Ticket sales on the rise

InsideTennessee keeps you abreast of what's happening behind the scenes in Vol football. Check out this insightful look at factors that have season-ticket sales trending upward:

Butch Jones hasn’t won a lot of games to date but Tennessee’s second-year head football coach seems to have won over the fan base. That’s no small accomplishment.

Season ticket sales for 2014 already zoomed past the total for all of 2013, suggesting Vol Nation believes Jones has the program headed in the right direction after four consecutive losing seasons.

“We’re at about 62,000. We finished at 57,500 last year, so we’re about 4,500 up from where we finished last year,” said Chris Fuller, senior associate athletics director for development and external relations. “We’ll be moving tickets right up to kickoff (Aug. 31 versus Utah State), so we’re not done this year. That’s really good.”

Several more indicators suggest that Vol football is regaining its health after a long illness.

“We’ve sold a higher percentage of our premium seats than ever,” Fuller said. “We’ve got the largest incoming freshman class in history – 4,700 – so that’s good. Another thing that’s trending really good: I believe Utah State will end up being a hard sellout.”

Season-ticket sales peaked at 76,000 back in the days when Neyland Stadium’s capacity was 104,079. The addition of luxury boxes reduced capacity to its current level of 102,455.

The 2001 Vols won the SEC East and just missed playing in the Rose Bowl for the BCS title. Since then, however, attendance has eroded steadily.

“We’ve been in a gradual decline since 2002,” Fuller noted.

After 12 years of slippage, however, ticket sales are trending upward in 2014. This is the first time in years that Tennessee managed to crack the 60,000 mark.

“I’d say you’d have to go back to 2009 – Lane Kiffin’s year,” Fuller said. “I think it was around 60,000 or a little over that year.”

Since Kiffin posted a 7-6 record in ’09, Tennessee has gone 6-7, 5-7, 5-7 under Derek Dooley and 5-7 under Jones last season. Counting the 5-7 mark Phillip Fulmer put up in 2008, Tennessee’s record over the past six years is an abysmal 33-41. Coming off that kind of futility, a bump in season-ticket sales is incredible.

“That’s very positive,” Fuller said. “I think it’s definitely a reflection of how the fans feel about Butch Jones.”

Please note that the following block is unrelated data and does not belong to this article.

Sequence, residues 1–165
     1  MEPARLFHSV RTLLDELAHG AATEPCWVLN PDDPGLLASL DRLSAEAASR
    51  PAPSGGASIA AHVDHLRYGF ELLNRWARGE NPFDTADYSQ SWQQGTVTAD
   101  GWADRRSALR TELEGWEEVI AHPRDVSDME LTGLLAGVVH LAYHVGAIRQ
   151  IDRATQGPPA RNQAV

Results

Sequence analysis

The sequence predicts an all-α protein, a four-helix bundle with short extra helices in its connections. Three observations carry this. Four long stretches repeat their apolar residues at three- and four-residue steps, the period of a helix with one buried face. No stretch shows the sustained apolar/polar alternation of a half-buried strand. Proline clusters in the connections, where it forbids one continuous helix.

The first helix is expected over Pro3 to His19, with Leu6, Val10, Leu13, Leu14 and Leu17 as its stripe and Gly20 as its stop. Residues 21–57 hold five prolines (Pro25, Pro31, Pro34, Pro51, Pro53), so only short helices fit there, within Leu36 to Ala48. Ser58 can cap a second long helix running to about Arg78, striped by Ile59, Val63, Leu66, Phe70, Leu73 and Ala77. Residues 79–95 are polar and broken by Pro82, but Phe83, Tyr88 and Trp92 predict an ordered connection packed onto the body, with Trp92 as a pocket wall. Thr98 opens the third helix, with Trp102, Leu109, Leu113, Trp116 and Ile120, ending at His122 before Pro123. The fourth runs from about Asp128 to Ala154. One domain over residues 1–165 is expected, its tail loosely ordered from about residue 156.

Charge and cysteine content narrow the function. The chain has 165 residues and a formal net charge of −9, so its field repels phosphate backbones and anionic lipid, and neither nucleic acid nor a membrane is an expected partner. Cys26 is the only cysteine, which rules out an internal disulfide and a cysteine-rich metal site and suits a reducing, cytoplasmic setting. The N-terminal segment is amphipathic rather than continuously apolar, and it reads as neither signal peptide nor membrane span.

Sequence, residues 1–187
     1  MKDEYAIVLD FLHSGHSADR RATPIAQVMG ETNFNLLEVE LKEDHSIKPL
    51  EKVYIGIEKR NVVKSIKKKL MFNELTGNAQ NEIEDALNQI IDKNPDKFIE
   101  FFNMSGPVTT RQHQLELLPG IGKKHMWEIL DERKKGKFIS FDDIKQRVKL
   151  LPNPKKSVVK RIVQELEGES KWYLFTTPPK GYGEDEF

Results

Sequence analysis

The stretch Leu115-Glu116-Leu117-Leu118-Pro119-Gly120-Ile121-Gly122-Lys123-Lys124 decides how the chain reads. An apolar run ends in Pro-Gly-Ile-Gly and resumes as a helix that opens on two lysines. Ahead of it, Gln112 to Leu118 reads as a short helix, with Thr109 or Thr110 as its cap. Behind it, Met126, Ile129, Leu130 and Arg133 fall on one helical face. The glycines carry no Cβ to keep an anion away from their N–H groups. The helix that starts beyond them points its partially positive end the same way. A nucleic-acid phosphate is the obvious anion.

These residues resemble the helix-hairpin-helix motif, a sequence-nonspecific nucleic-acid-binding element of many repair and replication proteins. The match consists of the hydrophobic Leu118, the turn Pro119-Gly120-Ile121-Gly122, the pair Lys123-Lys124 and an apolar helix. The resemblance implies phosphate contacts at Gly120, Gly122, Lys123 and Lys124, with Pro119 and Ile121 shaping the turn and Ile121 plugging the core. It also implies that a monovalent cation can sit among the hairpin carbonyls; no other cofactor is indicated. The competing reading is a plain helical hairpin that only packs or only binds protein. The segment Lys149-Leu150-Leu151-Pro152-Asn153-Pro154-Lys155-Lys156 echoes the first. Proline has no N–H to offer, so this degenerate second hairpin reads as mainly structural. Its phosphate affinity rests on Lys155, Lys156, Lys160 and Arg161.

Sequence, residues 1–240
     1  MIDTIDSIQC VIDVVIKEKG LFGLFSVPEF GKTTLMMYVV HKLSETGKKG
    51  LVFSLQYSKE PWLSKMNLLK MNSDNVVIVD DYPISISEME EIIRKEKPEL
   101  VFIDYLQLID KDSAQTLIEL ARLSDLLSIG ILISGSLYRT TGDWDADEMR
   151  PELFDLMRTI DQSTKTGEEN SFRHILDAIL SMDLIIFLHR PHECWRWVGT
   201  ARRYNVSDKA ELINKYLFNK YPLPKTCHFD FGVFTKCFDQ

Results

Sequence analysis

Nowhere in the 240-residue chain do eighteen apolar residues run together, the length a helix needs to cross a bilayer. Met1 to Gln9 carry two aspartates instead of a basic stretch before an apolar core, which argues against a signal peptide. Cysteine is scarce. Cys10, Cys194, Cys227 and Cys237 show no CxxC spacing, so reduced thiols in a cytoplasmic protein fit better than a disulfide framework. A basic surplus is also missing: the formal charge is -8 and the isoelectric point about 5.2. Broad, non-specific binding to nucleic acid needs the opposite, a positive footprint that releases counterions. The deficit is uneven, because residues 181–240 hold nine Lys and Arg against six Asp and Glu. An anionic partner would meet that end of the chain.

Jones isn’t just a coach; he’s a marketer. He promotes his program at every opportunity with public appearances and media interviews.

Fuller says Jones’ marketing efforts are “a big component” of the ticket-sales increase, adding: “I also think the staff’s relentless attention to recruiting is attributable for part of that spike.

Coach is a fantastic marketer and he’s always selling the program. No one has more faith and passion and belief that we’re going to get back to being who we’re supposed to be than Butch. He’s been able to evangelize the fans from Day One. I think the recruiting intensity translates to the fan base, too.”

Jones’ marketing acumen was on display Saturday night at Neyland Stadium. With practice open to the fans, the workout drew 40,000 curious onlookers. Quite a few of them saw enough to encourage them to buy season tickets in the days since then.


“We’ve had a little spike,” Fuller noted. “It was pretty amazing … 40,000 people coming to see a practice. There’s a big difference between a scrimmage and a practice, and this was a practice.”

With the opener just 10 days away tickets continue to sell at a steady pace. The fact Games 1 and 2 are against Utah State and Arkansas State, two teams who played in bowl games last winter, should help that trend continue.

“Utah State and Arkansas State are a lot more competitive games than most people probably realize,” Fuller said. “I think when the season gets closer and prognosticators tell people how good these teams are fans will buy tickets for those games.”

A lot of fans like to wait until game day to buy their tickets. Fuller has a word of warning for them:

“You generally have a big walk-up crowd for Game 1 but it would be good for people to get their tickets before that day,” he said. “If they wait they’re going to be in a long line at Gate 21 because we’ve got a limited number of windows. When those people stack up out there, five sales windows aren’t going to move the lines at the pace people would want. It would behoove them to get their tickets early.”

Long lines at ticket windows are annoying but they’re another indicator that Tennessee football is on the way back. That’s not just a credit to Butch Jones. Fuller believes there is a renewed faith in the entire athletics department, starting with athletics director Dave Hart.

“I think we’ve gotten a lot of positive reaction to the overall direction of the department,” Fuller said. “I think people feel good about Dave’s leadership, the direction we’re going. They know that Dave, Butch and some other coaches inherited pretty tough situations. This is a referendum that they’re doing the right things. The fans are saying, ‘We approve of what you’re doing and we’re going to get back on board.’”

With freshmen due to fill a lot of key roles this fall many fans appear resigned to the idea that 2014 could be another mediocre season. The outlook for 2015 and beyond is a different matter. Tennessee’s ticket allotment for the “Battle of Bristol” at Bristol Motor Speedway on Sept. 10, 2016 sold out in no time flat. Fans seem excited about the long-range future.

“I don’t know that any fan base thinks long-range anymore,” Fuller said with a laugh. “The expectations are high for us. They certainly should be. Our fans have been amazingly patient to stay with us during a difficult period. There’s optimism and enthusiasm.

"People feel we’re moving in the right direction and they’re excited about the future.”

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